An Andean Adventure

While it’s understandable that some might not want to spend their spring break digging a giant hole, I can’t imagine a better way to enjoy my first spring break at Northeastern! This past March I had the awesome opportunity to travel to Ecuador on an Alternative Spring Break (ASB) and volunteer with the Tandana Foundation. We spent the week in the highlands of Ecuador and worked with the indigenous community of Motilón Chupa to dig a water reservoir system. 

Some of the challenges:

  • No showers for a week: While not the most “appealing” aspect of the trip, not showering for a week definitely brought me much closer to my 10 other team members!
  • The language barrier: Perhaps one of the biggest challenges (but also my favorite aspect of the trip) was the language barrier. Not only was the Spanish language barrier present, but additionally the community members speak Kichwa, a language indigenous to the highlands of Ecuador. While communication was more challenging, I also learned words in a language that I previously never knew existed.
  • The length of the trip: ASBs only last a week, and this was perhaps the biggest challenge of the whole trip. At the end of the week, everyone wanted to stay longer because our time in Motilón Chupa had been so special. 

Some of the highlights:

  • The community: The warm and welcoming community of Motilón Chupa was probably the best aspect of the trip. Playing with the kids and talking with the adults of the community was always fun and I learned so much from them.  On multiple occasions, members of the community cooked us meals and went above and beyond to welcome us. They let us into their homes and taught us some of their traditions, including how to make queso fresco (which involved cow milking lessons)! Their generosity made a lasting impression on me.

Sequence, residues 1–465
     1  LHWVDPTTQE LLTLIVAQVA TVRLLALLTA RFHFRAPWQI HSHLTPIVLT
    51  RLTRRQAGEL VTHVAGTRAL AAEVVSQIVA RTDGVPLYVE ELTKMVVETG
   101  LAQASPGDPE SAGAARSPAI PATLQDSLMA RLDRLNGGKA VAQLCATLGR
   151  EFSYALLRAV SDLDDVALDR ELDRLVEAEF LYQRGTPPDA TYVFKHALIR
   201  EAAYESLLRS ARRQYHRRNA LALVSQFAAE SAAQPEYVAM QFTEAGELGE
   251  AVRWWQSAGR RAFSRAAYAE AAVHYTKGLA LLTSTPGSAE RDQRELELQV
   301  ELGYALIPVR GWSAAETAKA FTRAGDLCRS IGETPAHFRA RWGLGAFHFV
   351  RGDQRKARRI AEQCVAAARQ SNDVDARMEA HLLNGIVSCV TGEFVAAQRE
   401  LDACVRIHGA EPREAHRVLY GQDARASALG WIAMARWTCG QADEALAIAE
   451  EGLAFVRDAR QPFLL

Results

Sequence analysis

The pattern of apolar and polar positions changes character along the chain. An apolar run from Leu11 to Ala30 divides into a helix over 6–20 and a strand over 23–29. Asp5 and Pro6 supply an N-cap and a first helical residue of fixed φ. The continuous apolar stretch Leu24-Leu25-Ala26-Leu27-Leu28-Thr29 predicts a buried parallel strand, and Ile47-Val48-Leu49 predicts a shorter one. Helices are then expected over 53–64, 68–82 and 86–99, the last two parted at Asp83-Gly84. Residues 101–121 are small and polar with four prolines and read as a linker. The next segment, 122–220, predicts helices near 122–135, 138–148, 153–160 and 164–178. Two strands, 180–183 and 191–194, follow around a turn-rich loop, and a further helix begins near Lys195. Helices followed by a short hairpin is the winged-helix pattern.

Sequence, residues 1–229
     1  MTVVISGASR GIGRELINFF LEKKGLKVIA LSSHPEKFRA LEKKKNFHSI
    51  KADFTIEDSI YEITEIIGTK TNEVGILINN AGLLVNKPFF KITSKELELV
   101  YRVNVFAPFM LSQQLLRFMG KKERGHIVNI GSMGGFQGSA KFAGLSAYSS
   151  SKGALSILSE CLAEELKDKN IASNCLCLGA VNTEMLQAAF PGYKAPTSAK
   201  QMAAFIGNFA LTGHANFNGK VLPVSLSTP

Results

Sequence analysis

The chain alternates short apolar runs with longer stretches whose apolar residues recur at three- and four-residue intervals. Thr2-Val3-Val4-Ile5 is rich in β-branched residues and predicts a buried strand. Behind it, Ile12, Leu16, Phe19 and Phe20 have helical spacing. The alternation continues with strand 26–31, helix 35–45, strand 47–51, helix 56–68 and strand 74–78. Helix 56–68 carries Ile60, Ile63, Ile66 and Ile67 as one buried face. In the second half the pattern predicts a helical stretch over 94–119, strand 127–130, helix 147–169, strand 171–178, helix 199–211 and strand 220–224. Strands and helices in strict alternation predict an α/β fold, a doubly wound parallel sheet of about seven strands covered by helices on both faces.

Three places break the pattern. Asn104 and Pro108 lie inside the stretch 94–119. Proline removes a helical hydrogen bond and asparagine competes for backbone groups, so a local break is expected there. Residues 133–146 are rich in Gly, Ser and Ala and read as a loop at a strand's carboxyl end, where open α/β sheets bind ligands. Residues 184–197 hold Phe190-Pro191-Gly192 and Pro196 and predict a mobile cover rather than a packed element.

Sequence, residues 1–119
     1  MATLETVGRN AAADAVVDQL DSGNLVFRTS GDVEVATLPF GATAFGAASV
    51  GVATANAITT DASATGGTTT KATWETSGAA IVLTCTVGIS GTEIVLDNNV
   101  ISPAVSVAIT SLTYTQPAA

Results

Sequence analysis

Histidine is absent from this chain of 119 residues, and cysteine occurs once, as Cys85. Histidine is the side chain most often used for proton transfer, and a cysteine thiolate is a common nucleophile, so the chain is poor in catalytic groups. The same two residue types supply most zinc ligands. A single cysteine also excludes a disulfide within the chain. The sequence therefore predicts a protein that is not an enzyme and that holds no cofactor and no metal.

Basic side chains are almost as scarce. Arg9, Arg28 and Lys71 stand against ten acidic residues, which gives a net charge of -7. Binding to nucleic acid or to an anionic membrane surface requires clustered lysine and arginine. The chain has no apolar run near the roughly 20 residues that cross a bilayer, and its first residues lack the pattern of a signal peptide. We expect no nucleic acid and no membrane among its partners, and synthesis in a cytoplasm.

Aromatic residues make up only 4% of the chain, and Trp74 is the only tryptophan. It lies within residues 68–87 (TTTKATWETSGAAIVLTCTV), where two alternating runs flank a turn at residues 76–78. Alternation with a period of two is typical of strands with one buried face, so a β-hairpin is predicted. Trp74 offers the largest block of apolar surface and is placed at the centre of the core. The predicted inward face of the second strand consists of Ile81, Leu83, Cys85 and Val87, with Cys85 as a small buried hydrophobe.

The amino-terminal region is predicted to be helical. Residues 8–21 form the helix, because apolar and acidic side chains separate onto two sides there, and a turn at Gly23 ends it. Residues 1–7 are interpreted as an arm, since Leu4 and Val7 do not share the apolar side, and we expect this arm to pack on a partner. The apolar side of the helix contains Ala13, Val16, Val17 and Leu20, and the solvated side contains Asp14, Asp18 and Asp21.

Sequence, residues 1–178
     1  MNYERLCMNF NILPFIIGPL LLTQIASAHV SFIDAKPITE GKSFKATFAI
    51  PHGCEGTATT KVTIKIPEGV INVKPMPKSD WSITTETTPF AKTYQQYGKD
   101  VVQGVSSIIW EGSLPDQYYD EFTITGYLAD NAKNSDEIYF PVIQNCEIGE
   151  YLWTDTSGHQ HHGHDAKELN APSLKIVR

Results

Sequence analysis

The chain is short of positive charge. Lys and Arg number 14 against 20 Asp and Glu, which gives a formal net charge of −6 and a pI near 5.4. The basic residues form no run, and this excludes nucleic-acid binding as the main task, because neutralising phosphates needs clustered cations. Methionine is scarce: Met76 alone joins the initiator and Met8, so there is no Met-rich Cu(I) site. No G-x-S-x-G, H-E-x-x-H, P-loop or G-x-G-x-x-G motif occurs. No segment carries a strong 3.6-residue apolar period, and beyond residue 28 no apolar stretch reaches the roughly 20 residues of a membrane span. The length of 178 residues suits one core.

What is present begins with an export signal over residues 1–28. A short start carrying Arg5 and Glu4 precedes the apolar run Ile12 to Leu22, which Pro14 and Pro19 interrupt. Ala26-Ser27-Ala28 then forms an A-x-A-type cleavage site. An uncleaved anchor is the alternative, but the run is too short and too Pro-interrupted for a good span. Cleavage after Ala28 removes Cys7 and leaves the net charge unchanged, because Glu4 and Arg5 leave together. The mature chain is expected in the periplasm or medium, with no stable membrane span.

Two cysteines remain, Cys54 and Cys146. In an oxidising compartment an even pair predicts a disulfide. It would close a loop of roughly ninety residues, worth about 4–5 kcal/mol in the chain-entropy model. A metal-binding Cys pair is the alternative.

• The views: The community of Motilón Chupa is situated high in the Ecuadorian Andes, which in my humble opinion might just be the prettiest place on earth. Waking up every morning surrounded by spectacular nature was an incredible experience and a welcomed change from city living. 
  • My team members: The ASB experience has been my favorite memory from Northeastern so far. Not only did I become close with the community members, but the bonds formed between my team members and I that week have proved to be lasting. Working alongside others towards a goal that is much bigger than yourself is very rewarding and a unique opportunity to make friends. 

Even if I was a little gross after a week of digging mud and not showering, ASB was an incredible opportunity and something I would encourage every Northeastern student to apply for.  It’s a great way to step out of your comfort zone and learn about a different community, while making friends along the way!

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